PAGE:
And You Thought It Was Safe(?)


Magnum Force (1973)
"...especially when it comes to tedious Crime Dramas."

“…especially when it comes to tedious Crime Dramas.”

Blanket Spoiler Warning for a forty year old film you should’ve already seen. But, then again, who am I to talk? I’ve seen pieces of Magnum Force over the decades, and everyone’s seen the clip of Harry saying, “Man’s got to know his limitations” for the third and final time, buttoning up Our Theme. That clip’s the next-to-last shot of the film so, in one sense, a thousand Eastwood Retrospectives have already spoiled it in more ways than I ever could, just talking about it.

So let’s talk about Magnum Force, the One With Those Other Vigilante Cops Who Don’t Play By the Rules. The film that exists explicitly because everyone called Dirty Harry fascist. It’s star, a self-described “political nothing” who now admits registering with the official Political Nothing Party (the Libertarians) took all the “fascism” talk personally. Especially since an early draft of Dirty Harry‘s script centered around, not a psycho killer vaguely based on Zodiac, but a gang of vigilante cops much easier to confuse for fascists than Hangdog-faced Harry.

Eastwood liked that script, but Don Siegel preferred the one with Scorpio. And America agreed, making Dirty Harry the fourth highest grossing film of 1971, right behind Diamonds Are Forever. With Dirty Harry only eight million dollars less popular than James Bond, a sequel was inevitable. Or so we’d say on this side of the 1970s, a decade that, among other things, saw sequels gain a measure of acceptance in polite company. They’d always existed, of course, but Hollywood A-listers and cultural pundits shunned them as fundamentally low, pulpy things. Besides, Big Name Stars put butts in movie theaters, not on-going stories. The very idea was regarded as silly, the kind of notion that drove “silly,” “juvenile” stuff like superhero comic books. Movies, the thinking went, could certainly be better than that…couldn’t they? Continue reading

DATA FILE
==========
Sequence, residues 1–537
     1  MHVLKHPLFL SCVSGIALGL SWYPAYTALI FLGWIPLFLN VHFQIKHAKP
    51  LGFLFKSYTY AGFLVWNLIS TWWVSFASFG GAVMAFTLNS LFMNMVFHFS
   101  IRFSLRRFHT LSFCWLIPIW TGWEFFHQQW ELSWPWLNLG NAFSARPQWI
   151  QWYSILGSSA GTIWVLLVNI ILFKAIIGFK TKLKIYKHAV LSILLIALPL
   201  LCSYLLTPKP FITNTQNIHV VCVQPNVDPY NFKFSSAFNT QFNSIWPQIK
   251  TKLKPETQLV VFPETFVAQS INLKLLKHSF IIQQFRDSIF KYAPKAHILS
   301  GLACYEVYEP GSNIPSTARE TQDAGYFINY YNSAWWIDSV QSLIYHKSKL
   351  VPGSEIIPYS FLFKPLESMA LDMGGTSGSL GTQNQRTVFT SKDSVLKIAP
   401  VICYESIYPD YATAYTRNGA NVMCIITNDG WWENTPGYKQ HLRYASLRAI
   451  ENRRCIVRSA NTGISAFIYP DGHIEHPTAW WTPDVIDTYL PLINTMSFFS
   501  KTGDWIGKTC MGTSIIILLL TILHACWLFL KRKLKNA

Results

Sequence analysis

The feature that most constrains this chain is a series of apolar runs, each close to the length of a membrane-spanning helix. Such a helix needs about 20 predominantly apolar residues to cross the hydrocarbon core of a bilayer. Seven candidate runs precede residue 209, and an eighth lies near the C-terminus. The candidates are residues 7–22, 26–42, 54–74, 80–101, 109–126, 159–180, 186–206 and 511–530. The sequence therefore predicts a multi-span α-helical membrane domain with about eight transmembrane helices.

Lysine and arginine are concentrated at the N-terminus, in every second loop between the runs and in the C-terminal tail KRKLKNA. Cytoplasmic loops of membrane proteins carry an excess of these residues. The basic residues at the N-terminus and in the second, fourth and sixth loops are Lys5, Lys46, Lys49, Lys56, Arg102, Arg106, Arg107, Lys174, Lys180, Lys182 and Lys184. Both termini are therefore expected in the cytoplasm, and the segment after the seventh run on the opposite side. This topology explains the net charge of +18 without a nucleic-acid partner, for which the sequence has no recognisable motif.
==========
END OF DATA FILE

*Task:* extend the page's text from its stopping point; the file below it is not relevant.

The Fog (1980)
Filmmed in PortholeVision!

Filmed in scenic PortholeVision!

When one looks at his early career it becomes extraordinarily evident John Carpenter wanted very much to be the Howard Hawks of his generation. Even at his lowest, Carpenter made sure to aim squarely for Hitchcock Territory. For one brief, shinning moment (called 1978), it looked like he’d succeeded.

Too bad nothing fails like success. And if your directorial debut happens to become the most popular, iconic and financially successful independent movie in history (at the time) you might as well just give up and die. Otherwise you’ll have to spend your entire subsequent career dealing with uppity assholes who insist nothing will ever be as good as your first film. The rest is frustration, aesthetic decay and silence. Though I’m just kidding about that “silence” part since we haven’t even started talking about Carpenter’s sophomore slump, The Fog. Continue reading